2020-08-31 HR Examiner article Dr Todd Dewett Chasing Purpose stock photo img cc0 by linus sandvide 5DIFvVwe6wk unsplash crop 544x636px.jpg

“Purpose is about things beyond you – both things to be achieved and people to be developed. However, we have to recognize that life can be hard, right?  We can’t always be our best selves.”
- Dr. Todd Dewett


We all aspire to be our best selves, to lead with purpose. That refers to something bigger than the team, bigger than a mere goal.  It’s that long-term higher calling – the vision you’re chasing. Leading with purpose might mean different things to different people, but to me it really means three things.


First, it means that you lead with strong values and beliefs. In many ways, these are ideas that drive us past goals towards bigger dreams. Great leaders work to align everyone with these ideas and make the sacrifices necessary to keep us aligned and on track.


Next, to lead with purpose implies passion. Passion is the energy you derive from trying to live your values and beliefs.  It shows up in your thoughts and your outward positivity and drive. It’s the unique and hard to define quality you possess that infects others and inspires them to join you on the journey.



Dr. Todd Dewett | Founding member, HRExaminer Editorial Advisory Board

Finally, it’s about embracing a service mentality. Leading effectively really is about them, not you. You’ll spend a great deal of time improving your skills, but ultimately the impact you make is defined not by personal accolades, but by the number of new leaders you’ve helped create. Remember, purpose is about things beyond you – both things to be achieved and people to be developed.


However, we have to recognize that life can be hard, right? We can’t always be our best selves. Even if that ideal is hard to maintain full-time, you still owe it to the team to bring your best game. So, what’s acceptable?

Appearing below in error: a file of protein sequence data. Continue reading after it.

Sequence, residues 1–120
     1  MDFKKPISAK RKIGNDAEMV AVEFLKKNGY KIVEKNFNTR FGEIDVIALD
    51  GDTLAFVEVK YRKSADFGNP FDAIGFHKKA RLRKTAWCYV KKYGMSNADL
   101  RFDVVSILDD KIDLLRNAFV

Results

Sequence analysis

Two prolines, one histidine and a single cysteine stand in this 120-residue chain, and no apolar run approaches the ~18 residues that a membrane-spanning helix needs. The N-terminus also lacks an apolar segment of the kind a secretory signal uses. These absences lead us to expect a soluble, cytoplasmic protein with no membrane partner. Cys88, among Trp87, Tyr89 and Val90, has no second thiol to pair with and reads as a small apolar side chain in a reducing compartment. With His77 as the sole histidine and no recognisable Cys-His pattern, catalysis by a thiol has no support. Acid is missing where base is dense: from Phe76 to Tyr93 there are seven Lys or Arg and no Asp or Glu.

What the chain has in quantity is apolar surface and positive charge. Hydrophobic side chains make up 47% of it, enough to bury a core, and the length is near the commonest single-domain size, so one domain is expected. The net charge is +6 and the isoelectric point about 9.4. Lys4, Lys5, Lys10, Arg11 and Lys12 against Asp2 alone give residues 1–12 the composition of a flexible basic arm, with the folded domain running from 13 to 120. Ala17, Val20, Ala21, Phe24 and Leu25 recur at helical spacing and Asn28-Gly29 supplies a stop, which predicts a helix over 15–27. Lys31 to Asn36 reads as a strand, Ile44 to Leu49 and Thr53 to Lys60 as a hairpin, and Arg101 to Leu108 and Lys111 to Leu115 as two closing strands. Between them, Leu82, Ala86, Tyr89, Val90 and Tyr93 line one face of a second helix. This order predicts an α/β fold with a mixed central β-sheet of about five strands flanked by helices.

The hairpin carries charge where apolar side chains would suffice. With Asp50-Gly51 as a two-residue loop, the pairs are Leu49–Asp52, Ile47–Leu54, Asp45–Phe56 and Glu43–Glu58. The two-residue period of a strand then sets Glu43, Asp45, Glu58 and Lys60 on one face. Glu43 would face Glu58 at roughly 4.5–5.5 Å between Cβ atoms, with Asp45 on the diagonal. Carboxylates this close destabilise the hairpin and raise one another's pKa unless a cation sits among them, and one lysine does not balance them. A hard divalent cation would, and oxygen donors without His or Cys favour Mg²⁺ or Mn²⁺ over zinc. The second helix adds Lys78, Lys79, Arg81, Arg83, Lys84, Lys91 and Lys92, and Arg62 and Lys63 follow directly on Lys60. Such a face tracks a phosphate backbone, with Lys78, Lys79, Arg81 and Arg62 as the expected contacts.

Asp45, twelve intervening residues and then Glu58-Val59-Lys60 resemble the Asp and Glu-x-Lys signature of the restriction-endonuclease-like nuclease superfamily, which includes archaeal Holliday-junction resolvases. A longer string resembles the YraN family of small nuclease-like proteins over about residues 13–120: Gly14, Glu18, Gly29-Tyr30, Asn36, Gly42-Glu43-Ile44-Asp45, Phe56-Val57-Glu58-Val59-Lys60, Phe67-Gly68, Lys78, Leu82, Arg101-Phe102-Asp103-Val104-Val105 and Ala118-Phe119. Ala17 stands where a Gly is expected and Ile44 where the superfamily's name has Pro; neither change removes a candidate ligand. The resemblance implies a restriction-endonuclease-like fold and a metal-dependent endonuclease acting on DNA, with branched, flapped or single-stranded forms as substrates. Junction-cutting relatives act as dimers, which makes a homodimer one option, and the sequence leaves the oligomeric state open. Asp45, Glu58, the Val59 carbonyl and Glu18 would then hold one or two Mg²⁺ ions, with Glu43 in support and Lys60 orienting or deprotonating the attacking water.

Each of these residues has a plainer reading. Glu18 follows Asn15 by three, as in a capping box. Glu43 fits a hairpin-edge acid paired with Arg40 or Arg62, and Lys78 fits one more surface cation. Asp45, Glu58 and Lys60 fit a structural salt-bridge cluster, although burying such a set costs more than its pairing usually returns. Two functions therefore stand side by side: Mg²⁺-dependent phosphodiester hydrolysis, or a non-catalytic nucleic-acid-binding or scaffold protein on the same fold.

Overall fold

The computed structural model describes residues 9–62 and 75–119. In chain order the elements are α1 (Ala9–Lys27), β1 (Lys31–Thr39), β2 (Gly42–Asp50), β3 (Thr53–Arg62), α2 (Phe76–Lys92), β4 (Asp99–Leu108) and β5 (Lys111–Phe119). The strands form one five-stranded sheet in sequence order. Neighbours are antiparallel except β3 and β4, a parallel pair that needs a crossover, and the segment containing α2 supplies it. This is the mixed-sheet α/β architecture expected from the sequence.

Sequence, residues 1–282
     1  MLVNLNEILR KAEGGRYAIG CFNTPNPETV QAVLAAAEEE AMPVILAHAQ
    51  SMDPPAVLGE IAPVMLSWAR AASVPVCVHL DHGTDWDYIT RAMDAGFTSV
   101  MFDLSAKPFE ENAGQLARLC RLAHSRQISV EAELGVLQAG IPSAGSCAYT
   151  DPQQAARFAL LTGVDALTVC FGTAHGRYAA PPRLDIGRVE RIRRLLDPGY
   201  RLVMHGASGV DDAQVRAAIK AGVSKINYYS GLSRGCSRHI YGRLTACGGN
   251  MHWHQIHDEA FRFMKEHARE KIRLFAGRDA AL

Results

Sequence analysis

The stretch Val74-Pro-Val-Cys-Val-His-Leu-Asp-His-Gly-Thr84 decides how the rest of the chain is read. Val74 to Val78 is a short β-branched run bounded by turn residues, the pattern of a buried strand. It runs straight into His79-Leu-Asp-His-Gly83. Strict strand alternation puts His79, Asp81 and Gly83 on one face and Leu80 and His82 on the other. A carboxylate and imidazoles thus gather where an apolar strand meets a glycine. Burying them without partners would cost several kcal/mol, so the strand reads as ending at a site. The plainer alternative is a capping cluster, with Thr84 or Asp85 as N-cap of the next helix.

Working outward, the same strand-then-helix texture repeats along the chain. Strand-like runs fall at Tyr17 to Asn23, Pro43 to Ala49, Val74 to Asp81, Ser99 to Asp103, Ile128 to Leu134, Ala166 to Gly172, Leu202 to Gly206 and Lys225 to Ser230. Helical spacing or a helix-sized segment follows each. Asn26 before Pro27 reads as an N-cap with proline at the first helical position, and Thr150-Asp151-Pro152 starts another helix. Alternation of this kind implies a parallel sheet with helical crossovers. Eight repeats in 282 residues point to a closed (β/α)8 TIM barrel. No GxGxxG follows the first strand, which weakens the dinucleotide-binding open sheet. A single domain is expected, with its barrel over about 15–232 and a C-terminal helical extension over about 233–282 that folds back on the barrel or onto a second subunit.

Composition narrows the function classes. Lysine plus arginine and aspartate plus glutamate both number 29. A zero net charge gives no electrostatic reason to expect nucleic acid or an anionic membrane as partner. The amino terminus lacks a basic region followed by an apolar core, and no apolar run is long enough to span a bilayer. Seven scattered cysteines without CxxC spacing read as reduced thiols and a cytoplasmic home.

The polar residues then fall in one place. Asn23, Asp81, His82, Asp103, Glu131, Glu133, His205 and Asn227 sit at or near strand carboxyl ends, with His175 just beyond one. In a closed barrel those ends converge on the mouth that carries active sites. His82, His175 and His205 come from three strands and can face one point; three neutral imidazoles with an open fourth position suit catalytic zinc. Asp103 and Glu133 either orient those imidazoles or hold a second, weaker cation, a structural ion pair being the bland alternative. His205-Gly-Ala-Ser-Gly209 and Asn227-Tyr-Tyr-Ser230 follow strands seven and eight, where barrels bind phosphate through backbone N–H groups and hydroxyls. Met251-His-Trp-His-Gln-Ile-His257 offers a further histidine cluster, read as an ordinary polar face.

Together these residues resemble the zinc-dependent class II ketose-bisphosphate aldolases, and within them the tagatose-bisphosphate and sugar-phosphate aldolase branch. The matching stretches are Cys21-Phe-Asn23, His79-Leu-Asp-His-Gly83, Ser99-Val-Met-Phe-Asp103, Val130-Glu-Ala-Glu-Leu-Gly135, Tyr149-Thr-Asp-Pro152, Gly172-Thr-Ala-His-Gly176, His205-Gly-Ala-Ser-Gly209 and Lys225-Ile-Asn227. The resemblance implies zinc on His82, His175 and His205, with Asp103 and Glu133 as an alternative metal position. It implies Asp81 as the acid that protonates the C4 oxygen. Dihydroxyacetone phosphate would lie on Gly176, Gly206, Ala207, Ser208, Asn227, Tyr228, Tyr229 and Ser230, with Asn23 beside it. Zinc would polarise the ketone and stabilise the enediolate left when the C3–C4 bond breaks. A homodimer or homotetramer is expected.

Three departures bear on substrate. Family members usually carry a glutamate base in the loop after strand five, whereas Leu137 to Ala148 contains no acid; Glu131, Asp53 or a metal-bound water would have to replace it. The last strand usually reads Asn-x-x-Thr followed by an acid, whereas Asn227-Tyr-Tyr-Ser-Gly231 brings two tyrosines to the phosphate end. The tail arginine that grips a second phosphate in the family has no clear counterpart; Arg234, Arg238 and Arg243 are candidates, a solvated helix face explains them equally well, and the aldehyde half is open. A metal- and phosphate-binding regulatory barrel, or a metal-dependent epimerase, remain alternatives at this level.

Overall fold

If you can’t lead with purpose, you can at least be fun and helpful. You create fun by laughing, making fun of yourself, telling a story, or perhaps by sharing appropriate humor. It’s not hard to be helpful either:  lend a hand, give feedback, or share a resource.  When you combined a bit of both, you are clearly supporting a healthy and productive workplace.


But life is hard… If you can’t be fun and helpful, the very least you can do is be positive. This is a minimum requirement for effective leadership. When you show positivity, you are not a threat to others.  You don’t damage their attitudes or productivity. In fact, it’s likely you will add to their capacity. When you smile, offer positive comments, or otherwise show kindness, you’re doing something useful.


I do admit that sometimes it’s hard to be positive.  Occasionally, it’s okay to show more difficult emotions. It’s part of being authentic and embracing and growing emotional intelligence. However, there is a cap on how often you can move into territory that is not positive. Give or take, if you dwell there more than ten percent of the time – your positive efforts will not have the expected impact. Negativity is human, but manage it proactively and don’t allow it in excess at work.


Purpose is the goal. It’s a guiding light that keeps you focused. As life wears on you, at least try to be fun and helpful to others.  At a minimum, be positive! If you can’t adopt this approach most of the time, you really should rethink whether or not you should be in a leadership role. People deserve more, and so do you. Good news – the more you specifically focus on being the guiding light, the more often you’ll find the strength to lead with purpose.


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